Interesting conversations to start to have about Fair Use and what we can do as educators. Keep an eye on the media lab at Temple as this project develops http://www.mediaeducationlab.com/index.php?page=265

NeverEndingSearch - Blog on School Library Journal

tags: fairuse, joycevalenza, medialiteracy

This is joyce's blog RE Temple Media lab discussion

Tuesday, April 01, 2008

Copyright Confusion

Copyright and fair use issues are definitely things that I think about often and have written about in the past. I work with teachers both within my building and through state run programs and I have always taught people that in order for use of media to be considered appropriate and fair one must consider the following
  1. What is the purpose for which you are using (commercial or nonprofit)
  2. What is the nature of the use
  3. What amount of the work being used
  4. What is the effect of your use on copyright holder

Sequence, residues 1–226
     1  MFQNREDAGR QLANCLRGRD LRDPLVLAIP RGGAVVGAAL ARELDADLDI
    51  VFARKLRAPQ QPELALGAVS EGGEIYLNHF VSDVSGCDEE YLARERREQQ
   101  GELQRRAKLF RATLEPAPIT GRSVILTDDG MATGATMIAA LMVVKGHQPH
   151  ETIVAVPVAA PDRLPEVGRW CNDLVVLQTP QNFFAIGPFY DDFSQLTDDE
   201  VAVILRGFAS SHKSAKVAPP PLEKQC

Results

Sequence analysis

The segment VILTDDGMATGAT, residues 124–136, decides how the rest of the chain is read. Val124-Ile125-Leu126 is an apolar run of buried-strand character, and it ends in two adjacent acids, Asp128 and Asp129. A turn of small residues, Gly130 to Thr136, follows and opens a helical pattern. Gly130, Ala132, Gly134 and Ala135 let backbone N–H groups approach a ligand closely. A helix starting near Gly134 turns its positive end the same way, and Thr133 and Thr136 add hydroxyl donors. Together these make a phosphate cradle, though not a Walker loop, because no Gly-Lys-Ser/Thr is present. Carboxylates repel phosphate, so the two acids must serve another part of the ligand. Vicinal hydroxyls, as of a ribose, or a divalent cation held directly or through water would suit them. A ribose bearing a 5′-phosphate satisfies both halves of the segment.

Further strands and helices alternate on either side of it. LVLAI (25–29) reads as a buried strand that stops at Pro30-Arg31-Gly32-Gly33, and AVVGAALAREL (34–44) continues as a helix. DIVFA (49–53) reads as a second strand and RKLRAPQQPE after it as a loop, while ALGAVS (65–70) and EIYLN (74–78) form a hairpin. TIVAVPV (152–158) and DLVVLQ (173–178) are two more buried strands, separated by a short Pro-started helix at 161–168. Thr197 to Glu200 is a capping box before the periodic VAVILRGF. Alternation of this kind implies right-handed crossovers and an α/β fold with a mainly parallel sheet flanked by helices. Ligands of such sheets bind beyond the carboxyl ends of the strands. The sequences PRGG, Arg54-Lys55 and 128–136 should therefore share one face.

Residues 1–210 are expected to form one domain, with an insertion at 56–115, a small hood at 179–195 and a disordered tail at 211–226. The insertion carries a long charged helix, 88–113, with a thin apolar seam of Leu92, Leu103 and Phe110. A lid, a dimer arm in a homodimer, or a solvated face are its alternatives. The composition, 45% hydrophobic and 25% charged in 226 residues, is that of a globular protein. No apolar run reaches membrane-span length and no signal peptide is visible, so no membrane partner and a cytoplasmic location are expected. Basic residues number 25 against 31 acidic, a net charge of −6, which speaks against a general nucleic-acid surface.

In order to be "clear" in these "rules" I have also been steering teachers and students to use copyright friendly materials which follow fair use guidelines in the creation of their own original projects. If it didn't "fit the guidelines" we would not consider publishing the student work. HOWEVER a recent webinar on copyright and fair use has REALLY started to challenge the way I think about digital media project creation. (link at post end). The webinar was hosted by..Renee Hobbs Professor at Temple's Media Education Lab and Peter Jaszi who is a professor of Law at American University who specializes in Copyright Law. Using a model started by the Documentary Filmmakers' Statement of Best Practices in Fair Use they are working to create a statement to assist media educators in making better use of their fair use rights under copyright law. The project has been written about in many newspapers, magazines and blogs, including The Chronicle of Higher Education, School Library Journal, and Youth Media Reporter and they shared with us some of the "survival strategies that they encountered in developing their own ideas and guidelines.